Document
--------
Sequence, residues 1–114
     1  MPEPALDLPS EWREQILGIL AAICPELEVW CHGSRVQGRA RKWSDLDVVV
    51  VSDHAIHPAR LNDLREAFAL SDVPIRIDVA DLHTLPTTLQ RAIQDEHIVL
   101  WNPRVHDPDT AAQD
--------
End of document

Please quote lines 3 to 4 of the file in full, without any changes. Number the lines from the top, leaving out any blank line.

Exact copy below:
    51  VSDHAIHPAR LNDLREAFAL SDVPIRIDVA DLHTLPTTLQ RAIQDEHIVL
   101  WNPRVHDPDT AAQD